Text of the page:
The hardest thing about being a parent is that time flies by so fast when raising children. One minute you can hold them in your arms and the next minute they’re graduating high school. Once they have graduated from high school, typically college or trade school education is next. Individuals with a college degree make substantially more than those who don’t. As a parent we want the best for our children. In a lot of cases we want their lives to be better than ours.
College education costs in the United States has gone through the roof. Each day we read about how college graduates are graduating with 5 to 6 figures in education debt. This has become a major problem making it harder to build for a solid financial future. Saving early on for your child’s education, so that they have a better financial footing, is becoming more and more important. The following are three college savings plans that you can implement today to bridge the financial gap to college.
- UGMA – Uniform to Minors Act. This type of account is in the child’s name and a parent’s name. Until the age of 18, the parent is the owner/controller of the account. All money in the account needs to be spent for the benefit of the child. Once the child turns 18, legal adult age, the account goes into the child’s name alone thus removing the parent’s control over the money. The risk of this type of account is the money that was intended for the child’s education, actually ends up going to “other things”. I rarely see UGMA accounts used for education purposes only.
- State sponsored education plans. Most states have a plan that you pay into for a period of time, the sooner you start the lower the monthly payment. Once the plan is paid up, the child can go to any state school for little to nothing out of pocket. If your child is going in-state, this can be a great plan to purchase. The risk is if your child goes out-of-state. What you paid into the plan may not be enough for out-of-state tuition. Typically, tuition costs for students with residency in a different state can be double what in-state tuition would have been. I like state sponsored plans as long as the state sponsoring them is financially sound and as long as the child is going to go to college in-state.
- 529 plans. 529 plans are the most flexible education plans between these three education examples. A 529 plan is an investment account that is solely for the purpose of the child’s education. Each parent can contribute up to $14,000 per child each year. You can typically invest that money based on the child’s age which will determine the risk tolerance of the investment portfolio. As the child gets older, the risk of the underlying portfolio will decrease. The risks with a 529 plan is the money is invested into the stock market. The underlying portfolio value can fluctuate. The benefit of this type of education savings plan is that the assets can increase in value beyond inflation. This potentially reduces the amount that you will have to put into the plan to meet the child’s financial obligations while in college. Ginger and I have set up two 529 plans for our children. We chose the 529 plan because of its flexibility, it’s potential growth due to stock market performance and because if one of our children don’t go to school or if there’s money left over after their college education, I can change the beneficiary of the 529 plan to another family member. I also like the 529 plan because grandparents and relatives can contribute to the child’s education.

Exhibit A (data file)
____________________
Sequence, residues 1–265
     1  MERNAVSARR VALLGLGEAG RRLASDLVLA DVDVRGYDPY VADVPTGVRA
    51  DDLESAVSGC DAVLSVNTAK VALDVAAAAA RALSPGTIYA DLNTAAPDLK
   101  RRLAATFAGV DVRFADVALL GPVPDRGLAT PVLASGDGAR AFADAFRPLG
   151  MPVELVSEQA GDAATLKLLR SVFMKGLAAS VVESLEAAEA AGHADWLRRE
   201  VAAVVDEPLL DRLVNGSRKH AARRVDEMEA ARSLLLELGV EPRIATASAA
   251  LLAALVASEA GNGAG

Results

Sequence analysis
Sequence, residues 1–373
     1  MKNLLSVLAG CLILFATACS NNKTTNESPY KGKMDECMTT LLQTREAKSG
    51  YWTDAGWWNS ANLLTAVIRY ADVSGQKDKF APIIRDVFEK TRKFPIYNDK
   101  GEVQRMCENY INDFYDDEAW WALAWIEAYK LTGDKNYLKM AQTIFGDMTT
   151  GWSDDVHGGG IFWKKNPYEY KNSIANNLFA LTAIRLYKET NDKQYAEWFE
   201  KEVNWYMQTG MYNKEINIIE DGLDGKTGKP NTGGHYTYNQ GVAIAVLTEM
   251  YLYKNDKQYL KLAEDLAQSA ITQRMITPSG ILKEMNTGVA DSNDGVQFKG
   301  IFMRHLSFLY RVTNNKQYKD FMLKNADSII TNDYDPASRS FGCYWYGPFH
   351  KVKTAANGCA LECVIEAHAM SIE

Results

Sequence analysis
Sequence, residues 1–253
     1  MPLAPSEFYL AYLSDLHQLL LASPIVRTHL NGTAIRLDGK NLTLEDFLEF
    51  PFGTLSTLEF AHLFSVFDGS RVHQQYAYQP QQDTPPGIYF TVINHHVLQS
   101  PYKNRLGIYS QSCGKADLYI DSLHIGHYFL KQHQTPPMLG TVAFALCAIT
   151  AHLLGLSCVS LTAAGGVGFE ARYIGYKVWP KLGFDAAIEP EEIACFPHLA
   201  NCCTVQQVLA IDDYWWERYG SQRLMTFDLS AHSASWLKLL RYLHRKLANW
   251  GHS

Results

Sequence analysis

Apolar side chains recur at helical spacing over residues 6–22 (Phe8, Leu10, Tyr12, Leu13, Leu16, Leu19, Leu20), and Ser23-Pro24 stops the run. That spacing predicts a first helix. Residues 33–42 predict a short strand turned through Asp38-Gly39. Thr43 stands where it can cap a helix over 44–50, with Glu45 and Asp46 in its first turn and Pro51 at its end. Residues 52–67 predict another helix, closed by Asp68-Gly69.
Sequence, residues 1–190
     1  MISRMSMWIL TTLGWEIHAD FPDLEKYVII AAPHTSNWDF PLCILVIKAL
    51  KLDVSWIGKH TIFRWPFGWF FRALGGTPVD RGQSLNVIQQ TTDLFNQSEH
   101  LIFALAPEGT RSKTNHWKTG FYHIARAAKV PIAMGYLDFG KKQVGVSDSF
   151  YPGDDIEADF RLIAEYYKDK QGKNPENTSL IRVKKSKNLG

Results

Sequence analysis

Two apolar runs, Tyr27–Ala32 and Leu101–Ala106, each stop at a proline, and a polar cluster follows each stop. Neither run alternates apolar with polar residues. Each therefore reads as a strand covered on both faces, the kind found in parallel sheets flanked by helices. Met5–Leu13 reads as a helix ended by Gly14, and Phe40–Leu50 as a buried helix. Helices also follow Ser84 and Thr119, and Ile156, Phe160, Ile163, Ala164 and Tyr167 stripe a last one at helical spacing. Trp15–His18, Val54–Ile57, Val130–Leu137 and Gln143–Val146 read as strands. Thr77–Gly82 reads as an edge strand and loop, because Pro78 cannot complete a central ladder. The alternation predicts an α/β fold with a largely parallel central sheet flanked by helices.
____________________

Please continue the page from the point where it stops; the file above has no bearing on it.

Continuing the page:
The key to any successful education goal or financial goal for that matter is time, consistency of contributions and management of risk. If you would like to know more about college savings plans or other financial matters, contact me firstname.lastname@example.org. Let me know if this was helpful. If you have any suggestion on subjects you would like me to write about, please email me.
The fees, expenses, and features of 529 plans can vary from state to state. 529 plans involve investment risk, including the possible loss of funds. There is no guarantee that a college-funding goal will be met. In order to be federally tax-free, earnings must be used to pay for qualified higher education expenses. The earnings portion of a nonqualified withdrawal will be subject to ordinary income tax at the recipient’s marginal rate and subject to a 10-percent penalty. By investing in a plan outside your state of residence, you may lose any state tax benefits. 529 plans are subject to enrollment, maintenance, and administration/management fees and expenses